“This scene should be one of total peace, and yet for a mom that has lost a child while sleeping, it’s terrifying.
Suddenly, I realize she’s been sleeping for a while. And she’s oh so still. And silent.
And in those small moments of wondering, my fears start wandering.
This is all too good to be true.
See? Why did you have another baby?
Life can’t really be good again, can it?
If something happens to her, then everyone will know what an awful mother you are.
The ugly, hateful words hurt just thinking about them and I dare not speak them into life.
And yet…there they are. Swirling around in my mind.
An invisible enemy trying to creep his way into my life.
Doing what he does best-trying to steal, kill and destroy.
And you know what?
My logic alone falls flat against these lies. Because I’ve been there before. To my worst nightmare. It CAN happen.
Those first few days after losing him felt like gasping for breath. Simple tasks such as taking a shower or eating a meal seemed insurmountable. And while I longed to sleep away all the thoughts and feelings, even that eluded me.
I realized the only way to get through grief was to actually go through it.
To cry whenever I needed to cry and share with whomever I felt comfortable enough to share with and read whatever spoke to my heart. To not look too far into the future, but simply to do the very next thing.
And slowly, one day at a time, I realized I was not alone. Others had gone through these same feelings and questions before. Others who lived hurt, but allowed their heartache to transform them into more caring, compassionate people.
And I knew that’s what I wanted, too. To not bury myself with my son but to live better because he had lived.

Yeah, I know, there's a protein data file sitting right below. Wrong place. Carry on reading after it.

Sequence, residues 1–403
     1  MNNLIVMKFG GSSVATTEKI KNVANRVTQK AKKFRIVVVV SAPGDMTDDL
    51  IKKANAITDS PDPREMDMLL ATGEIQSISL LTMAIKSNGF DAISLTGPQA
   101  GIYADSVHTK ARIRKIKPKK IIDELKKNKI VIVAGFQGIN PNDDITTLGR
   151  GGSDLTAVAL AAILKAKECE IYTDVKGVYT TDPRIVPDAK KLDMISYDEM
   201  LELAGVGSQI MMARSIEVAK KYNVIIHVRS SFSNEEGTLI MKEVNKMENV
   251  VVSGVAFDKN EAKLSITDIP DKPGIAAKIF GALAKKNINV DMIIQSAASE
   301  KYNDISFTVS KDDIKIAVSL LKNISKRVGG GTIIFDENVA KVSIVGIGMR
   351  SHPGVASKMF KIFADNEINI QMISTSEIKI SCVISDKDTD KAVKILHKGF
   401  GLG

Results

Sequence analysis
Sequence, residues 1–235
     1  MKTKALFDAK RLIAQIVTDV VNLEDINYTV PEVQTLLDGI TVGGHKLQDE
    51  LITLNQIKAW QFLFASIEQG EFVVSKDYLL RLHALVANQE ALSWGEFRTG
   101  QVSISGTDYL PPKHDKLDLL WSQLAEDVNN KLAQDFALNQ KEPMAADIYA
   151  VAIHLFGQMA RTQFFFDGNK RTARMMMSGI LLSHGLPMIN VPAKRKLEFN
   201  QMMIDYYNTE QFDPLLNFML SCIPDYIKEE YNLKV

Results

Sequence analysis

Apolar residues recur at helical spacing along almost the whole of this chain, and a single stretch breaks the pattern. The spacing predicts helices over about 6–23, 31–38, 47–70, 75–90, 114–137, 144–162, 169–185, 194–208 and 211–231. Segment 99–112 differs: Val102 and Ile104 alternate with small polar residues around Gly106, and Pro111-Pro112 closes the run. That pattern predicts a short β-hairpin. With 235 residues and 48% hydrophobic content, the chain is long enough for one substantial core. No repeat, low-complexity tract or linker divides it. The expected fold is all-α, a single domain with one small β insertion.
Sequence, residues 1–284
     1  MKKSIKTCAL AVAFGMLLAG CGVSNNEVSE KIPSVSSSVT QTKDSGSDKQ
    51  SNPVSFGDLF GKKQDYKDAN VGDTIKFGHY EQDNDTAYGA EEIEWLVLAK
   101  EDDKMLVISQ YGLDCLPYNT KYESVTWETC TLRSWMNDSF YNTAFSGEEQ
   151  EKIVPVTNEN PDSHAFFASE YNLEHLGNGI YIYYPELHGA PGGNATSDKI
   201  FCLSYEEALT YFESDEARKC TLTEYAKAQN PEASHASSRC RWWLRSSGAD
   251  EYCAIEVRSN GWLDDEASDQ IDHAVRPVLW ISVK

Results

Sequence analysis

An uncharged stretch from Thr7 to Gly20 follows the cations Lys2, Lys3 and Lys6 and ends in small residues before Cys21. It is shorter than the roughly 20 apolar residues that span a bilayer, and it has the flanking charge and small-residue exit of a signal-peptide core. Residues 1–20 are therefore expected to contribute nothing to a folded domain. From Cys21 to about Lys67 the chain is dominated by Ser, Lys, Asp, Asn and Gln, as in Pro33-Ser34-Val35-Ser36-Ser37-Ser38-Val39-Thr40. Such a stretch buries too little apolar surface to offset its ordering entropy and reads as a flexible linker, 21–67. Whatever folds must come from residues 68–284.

Now, nearly two years later and with a new baby, I try not to worry. About keeping his little sister safe or how her future will look or all the other things that are out of my hands.
And to remind myself that while I can’t control what happens tomorrow, I can choose to take hold of today. Sometimes that means letting my baby wear a sleep monitor to calm my fears. And it also means snapping a bazillion photos and soaking in every snuggle, because I know first-hand how precious today is.
Learning to live without my son has felt like learning to live without an arm. It impacts everything I do.
Initially you are overcome with shock and sadness over all that you’ve lost. You can’t imagine that this is how life will now look. But, ever so slowly, you begin learning to maneuver without it. You balance things using your legs or open a bag with your teeth or learn to crack an egg with one hand. And from the outside, it might even seem like you’re thriving. Still you never, ever grow back your arm.
That’s how it feels to lose a child.
I’ll never stop missing my son, because I’ll never stop loving him. And while this achyness never goes away, maybe I don’t really want it to.
Loss leads you to a crossroads—a choice between becoming bitter or becoming better. Between focusing on the regrets or taking each new day with gratitude. Between focusing on all the unanswerable questions or choosing to live in faith.
For me, I daily want to choose to see the goodness. To believe that this isn’t all an accident and my son’s life has a purpose.
Choosing faith means believing that goodness can come out of even the most horrific things. And while sometimes it’s hard to see it, when I look around I find that goodness is still here. It’s in the fiery colors of a new sunrise, in the antics of my boys playing, in my little girl’s big, blue eyes.
Goodness is all around, if I just take a moment to see it.”
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This story was submitted to Love What Matters by Allison Brost. You can follow her journey on Facebook, Instagram, and her website. Submit your own story here, and be sure to subscribe to our free email newsletter for our best stories.
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